Each Red Cross blood drive and donation center follows the highest standards of safety and infection control, and additional precautions – including face masks for donors and staff, regardless of vaccination status – have been implemented to help protect the health of all those in attendance. Donors are asked to schedule an appointment prior to arriving at the drive.
Save time during donation
Donors can also save up to 15 minutes at the blood drive by completing a RapidPass®. With RapidPass®, donors complete the pre-donation reading and health history questionnaire online, on the day of donation, from a mobile device or computer. To complete a RapidPass®, follow the instructions at RedCrossBlood.org/RapidPass or use the Red Cross Blood Donor App.
To donate blood, individuals need to bring a blood donor card or driver’s license or two other forms of identification that are required at check-in. Individuals who are 17 years of age in most states (16 with parental consent where allowed by state law), weigh at least 110 pounds and are in generally good health may be eligible to donate blood. High school students and other donors 18 years of age and younger also must meet certain height and weight requirements.
Health insights for donors
At a time when health information has never been more important, the Red Cross is screening all blood, platelet and plasma donations from self-identified African American donors for the sickle cell trait. This additional screening will provide Black donors with an additional health insight and help the Red Cross identify compatible blood types more quickly to help patients with sickle cell disease who require trait-negative blood. Blood transfusion is an essential treatment for those with sickle cell disease, and blood donations from individuals of the same race, ethnicity and blood type have a unique ability to help patients fighting sickle cell disease.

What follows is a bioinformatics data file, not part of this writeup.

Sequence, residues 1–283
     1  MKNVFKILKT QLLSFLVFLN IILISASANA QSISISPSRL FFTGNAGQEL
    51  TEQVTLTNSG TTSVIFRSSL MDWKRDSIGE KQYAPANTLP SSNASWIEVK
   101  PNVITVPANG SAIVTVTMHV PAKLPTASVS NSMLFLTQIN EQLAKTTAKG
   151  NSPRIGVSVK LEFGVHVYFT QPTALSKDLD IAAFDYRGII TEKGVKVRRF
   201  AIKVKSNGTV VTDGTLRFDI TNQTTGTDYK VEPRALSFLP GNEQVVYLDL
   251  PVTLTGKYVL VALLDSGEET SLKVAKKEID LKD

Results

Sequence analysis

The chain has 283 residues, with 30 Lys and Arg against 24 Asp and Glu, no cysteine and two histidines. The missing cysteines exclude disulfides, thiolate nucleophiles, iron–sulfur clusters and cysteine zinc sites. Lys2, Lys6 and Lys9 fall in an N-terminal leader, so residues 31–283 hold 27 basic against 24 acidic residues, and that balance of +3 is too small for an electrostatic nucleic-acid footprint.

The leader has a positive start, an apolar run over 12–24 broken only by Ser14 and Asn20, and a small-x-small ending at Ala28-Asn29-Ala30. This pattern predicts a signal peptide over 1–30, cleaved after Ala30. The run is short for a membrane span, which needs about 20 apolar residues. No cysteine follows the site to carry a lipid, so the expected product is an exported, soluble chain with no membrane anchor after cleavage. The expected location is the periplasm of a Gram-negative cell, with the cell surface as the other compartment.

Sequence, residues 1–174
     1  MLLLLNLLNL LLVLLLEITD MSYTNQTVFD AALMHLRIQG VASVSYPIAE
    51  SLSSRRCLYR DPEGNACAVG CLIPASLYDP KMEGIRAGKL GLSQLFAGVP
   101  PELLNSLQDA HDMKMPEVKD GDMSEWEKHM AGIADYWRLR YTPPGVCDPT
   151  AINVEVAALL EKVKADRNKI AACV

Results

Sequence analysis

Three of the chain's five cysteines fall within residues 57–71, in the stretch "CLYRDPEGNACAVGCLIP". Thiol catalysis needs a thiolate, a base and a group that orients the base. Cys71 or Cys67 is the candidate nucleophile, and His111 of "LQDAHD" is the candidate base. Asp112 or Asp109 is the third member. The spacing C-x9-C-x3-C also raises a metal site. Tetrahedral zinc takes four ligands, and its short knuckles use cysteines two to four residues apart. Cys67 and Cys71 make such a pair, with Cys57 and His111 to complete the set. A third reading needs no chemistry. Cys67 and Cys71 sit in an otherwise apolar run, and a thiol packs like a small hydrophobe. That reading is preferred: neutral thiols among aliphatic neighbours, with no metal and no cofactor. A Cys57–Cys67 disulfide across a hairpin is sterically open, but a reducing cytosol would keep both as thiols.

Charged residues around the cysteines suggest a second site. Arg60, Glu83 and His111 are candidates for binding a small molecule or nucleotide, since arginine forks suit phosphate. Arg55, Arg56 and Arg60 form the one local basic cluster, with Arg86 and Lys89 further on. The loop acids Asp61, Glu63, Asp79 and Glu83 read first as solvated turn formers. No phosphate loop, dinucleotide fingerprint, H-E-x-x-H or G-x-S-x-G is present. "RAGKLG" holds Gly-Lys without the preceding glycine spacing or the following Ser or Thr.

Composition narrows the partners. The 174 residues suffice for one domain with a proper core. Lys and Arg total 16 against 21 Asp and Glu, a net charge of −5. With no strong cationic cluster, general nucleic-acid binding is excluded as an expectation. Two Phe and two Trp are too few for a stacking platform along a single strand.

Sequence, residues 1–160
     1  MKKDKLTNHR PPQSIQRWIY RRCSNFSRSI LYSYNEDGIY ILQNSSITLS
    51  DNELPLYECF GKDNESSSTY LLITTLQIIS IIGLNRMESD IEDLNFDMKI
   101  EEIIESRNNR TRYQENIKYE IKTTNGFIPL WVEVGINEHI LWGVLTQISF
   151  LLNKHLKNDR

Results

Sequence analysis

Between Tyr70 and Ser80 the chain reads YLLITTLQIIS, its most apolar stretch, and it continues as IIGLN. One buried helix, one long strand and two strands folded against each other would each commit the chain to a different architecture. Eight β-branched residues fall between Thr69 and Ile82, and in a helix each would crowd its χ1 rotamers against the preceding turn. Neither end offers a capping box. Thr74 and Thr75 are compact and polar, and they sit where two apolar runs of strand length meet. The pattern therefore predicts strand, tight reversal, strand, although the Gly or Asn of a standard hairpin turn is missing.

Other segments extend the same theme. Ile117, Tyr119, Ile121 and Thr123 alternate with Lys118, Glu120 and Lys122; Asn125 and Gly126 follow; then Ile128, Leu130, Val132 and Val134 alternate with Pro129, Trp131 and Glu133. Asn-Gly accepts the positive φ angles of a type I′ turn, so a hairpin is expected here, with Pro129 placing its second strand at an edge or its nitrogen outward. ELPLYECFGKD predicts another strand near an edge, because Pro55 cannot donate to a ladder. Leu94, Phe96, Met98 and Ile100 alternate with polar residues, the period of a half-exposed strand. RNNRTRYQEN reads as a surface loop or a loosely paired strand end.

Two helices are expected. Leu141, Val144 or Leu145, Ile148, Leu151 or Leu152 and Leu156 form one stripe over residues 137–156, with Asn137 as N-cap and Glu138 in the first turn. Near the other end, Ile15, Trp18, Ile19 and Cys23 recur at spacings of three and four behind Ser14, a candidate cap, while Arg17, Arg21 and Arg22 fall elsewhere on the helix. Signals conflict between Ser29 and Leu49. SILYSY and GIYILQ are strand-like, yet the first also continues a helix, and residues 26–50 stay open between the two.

Donors can expect to receive sickle cell trait screening results, if applicable, within one to two weeks through the Red Cross Blood Donor App and the online donor portal at RedCrossBlood.org.
About the American Red Cross
The American Red Cross shelters, feeds and provides comfort to victims of disasters; supplies about 40% of the nation’s blood; teaches skills that save lives; distributes international humanitarian aid; and supports veterans, military members and their families. The Red Cross is a not-for-profit organization that depends on volunteers and the generosity of the American public to deliver its mission. For more information, please visit redcross.org or cruzrojaamericana.org, or visit us on Twitter at @RedCross.